But we should keep in mind one aspect of the usual sorts of statistical methods, no matter how many rococo filigrees they may be gussied up with.  These methods find associations (correlated presence) among variables, and if we can specify which occurred first, then we can interpret those as causes and the latter as effects.  We can estimate the strength or 'significance' of the observed association.  But we should confess openly that these are only what was captured in some particular sample.  Even if they truly do reflect underlying causation, this can be so indirect as to be largely impenetrable (unless the cause is so strong that we can design experiments to demonstrate it, or find it with samples so small and cheap that our Chair will penalize us for not proposing a bigger, more expensive study).

Now associations of this sort can be very indirect relative to the actual underlying mechanism.  Why?  The mix of factors--their relative proportion or frequency--in our sample may affect the strength of association.  An associated,  putatively causal factor may be correlated with some truly causal, but unmeasured, factors.  The complexity of contexts may mean that causation only occurs in the presence of other factors (context-dependency).

If we do not have a theory, or mechanism, of causation, we are largely doomed to floundering in the sea of complexity, as we clearly are experiencing in many relevant areas today.  More data won't help if it generates more heterogeneity rather than enough replications of similar causal situations.  More data will feed SPSS or Plink, very fine analysis software, but not necessarily real knowledge.

This might be true, but to me it's just stalling to justify business more or less as usual.  We have had a century of ever increasing data scale and numerical statistical tricks and we are where we are.  As we and others note, there have been successes.  But most of them are because of strong, replicable effects (that were or could have been found with cheaper methods and smaller, more focused studies).   We're not that much better off for many of the more common problems.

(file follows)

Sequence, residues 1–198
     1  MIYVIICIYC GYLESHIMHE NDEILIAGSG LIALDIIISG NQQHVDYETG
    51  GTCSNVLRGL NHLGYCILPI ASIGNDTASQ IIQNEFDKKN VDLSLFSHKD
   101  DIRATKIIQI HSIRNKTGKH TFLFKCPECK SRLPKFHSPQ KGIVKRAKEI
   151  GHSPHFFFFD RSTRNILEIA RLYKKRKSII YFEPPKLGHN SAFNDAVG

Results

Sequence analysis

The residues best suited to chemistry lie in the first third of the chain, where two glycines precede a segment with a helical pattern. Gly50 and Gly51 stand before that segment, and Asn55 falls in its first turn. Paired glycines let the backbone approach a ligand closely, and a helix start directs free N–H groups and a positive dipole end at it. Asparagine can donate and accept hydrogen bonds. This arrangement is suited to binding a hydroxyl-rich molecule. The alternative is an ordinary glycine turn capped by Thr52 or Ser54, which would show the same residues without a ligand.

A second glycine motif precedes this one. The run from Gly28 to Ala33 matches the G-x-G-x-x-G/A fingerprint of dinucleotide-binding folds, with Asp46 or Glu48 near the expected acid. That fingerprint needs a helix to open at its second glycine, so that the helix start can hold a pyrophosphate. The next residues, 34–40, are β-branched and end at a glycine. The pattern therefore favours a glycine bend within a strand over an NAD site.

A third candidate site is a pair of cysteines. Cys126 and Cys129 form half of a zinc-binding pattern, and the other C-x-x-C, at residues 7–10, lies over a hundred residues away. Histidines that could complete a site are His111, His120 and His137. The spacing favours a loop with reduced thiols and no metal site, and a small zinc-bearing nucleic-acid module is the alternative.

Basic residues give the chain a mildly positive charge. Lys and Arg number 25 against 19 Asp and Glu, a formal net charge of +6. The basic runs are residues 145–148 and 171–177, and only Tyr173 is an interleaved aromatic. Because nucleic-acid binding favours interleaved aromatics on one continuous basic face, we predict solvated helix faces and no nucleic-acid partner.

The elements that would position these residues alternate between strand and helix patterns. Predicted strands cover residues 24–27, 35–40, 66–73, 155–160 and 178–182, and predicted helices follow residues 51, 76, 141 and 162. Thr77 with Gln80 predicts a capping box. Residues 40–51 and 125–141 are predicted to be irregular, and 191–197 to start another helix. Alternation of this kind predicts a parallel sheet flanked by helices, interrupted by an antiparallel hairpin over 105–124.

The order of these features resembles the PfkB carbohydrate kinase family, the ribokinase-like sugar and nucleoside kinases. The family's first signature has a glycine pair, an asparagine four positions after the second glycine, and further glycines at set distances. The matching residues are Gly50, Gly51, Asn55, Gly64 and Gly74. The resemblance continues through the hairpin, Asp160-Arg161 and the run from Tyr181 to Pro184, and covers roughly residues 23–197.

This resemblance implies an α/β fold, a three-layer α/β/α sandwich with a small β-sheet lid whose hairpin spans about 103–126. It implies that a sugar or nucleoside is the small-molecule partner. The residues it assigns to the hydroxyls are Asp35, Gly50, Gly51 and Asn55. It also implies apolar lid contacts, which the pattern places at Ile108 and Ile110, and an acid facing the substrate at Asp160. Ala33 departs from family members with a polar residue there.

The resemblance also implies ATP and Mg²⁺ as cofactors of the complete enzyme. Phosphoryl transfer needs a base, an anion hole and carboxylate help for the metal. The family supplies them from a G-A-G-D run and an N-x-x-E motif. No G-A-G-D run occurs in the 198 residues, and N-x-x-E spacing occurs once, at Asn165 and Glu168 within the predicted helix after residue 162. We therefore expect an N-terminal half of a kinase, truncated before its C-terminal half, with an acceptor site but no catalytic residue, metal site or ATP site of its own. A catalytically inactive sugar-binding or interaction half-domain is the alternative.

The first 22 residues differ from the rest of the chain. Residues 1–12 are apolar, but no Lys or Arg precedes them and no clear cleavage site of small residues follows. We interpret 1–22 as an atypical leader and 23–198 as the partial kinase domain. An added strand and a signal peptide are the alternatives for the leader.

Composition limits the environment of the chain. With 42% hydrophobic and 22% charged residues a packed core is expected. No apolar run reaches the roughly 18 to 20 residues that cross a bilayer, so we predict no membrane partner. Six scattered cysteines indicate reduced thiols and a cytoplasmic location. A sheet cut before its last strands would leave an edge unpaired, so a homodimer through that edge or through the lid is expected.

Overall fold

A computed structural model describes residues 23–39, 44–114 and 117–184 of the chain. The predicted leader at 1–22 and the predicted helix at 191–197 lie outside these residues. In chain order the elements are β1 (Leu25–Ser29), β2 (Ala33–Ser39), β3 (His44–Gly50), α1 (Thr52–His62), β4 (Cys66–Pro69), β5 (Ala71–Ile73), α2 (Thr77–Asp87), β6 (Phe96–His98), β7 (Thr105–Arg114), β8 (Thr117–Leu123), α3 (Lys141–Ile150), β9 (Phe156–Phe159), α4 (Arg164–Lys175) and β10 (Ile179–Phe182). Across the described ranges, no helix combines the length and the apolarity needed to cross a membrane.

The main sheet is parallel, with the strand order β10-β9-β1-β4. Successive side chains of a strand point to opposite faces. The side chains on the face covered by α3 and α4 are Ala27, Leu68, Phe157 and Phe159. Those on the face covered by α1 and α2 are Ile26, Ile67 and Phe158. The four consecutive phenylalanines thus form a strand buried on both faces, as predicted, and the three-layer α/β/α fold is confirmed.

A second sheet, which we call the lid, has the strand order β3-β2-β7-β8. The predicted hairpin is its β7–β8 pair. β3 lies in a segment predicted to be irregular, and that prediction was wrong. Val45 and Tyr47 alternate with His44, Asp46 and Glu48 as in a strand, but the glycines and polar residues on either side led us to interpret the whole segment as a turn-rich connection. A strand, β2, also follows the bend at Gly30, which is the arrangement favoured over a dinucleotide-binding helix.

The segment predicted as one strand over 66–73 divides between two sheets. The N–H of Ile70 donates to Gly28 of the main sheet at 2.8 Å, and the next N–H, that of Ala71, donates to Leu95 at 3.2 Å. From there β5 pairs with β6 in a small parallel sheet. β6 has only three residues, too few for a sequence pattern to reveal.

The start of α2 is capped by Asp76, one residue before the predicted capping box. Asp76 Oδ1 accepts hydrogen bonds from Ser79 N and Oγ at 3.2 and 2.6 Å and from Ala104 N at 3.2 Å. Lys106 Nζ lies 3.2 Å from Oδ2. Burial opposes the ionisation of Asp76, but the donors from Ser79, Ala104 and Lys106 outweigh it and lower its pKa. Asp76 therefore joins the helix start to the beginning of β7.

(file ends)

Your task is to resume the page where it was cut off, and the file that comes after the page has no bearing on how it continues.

Often it is argued that we can use a simplified 'model' of causation, ignoring minor effects and looking for just the most important ones.  This can of course be a good strategy, and some times a true attempt is made to connect relevant variables with at least half-way relevant interactions (linear, multiplicative, etc.); but more often what is modeled is a set of basic regression or correlation associations between some sets of variables (such as a 'network'), but without a serious attempt at a mechanism that explains the quantitative causal relationships and in a sense still relies on very indirect associations (usually we just don't have sufficient knowledge for being more specific). We've posted before (in a series that starts here, e.g.) on some of the 'strange' phenomena we know apply to genetics that mean that local sites along the genome can have their effects only because of complex, very non-local aspects of the genome.  Significant associations only sometimes lead to understanding of why.

But if we have a good causal model, both the statistical associations, and nature of causation become open to understanding--and to prediction.  With a theory, or mechanism, we can sample more efficiently, control for and understand measurement and other errors more effectively, select variables more relevantly, separate out human fallibility variation (the truly statistical aspects of studies) from causation, interpret the results more specifically, and predict--an ultimate goal--with more confidence and precision.  A good causal mechanism provides these and many other huge advantages over generic association testing, which is mainly what is going on today.

Of course, it's hellishly difficult even in controlled areas like chemistry, to develop good mechanistic understanding of life.  That is to me no excuse for the kind of many-layered removal between what we estimate from data now, and what we should be trying to understand.  Even if it's harder to get grants if we actually try to do things right.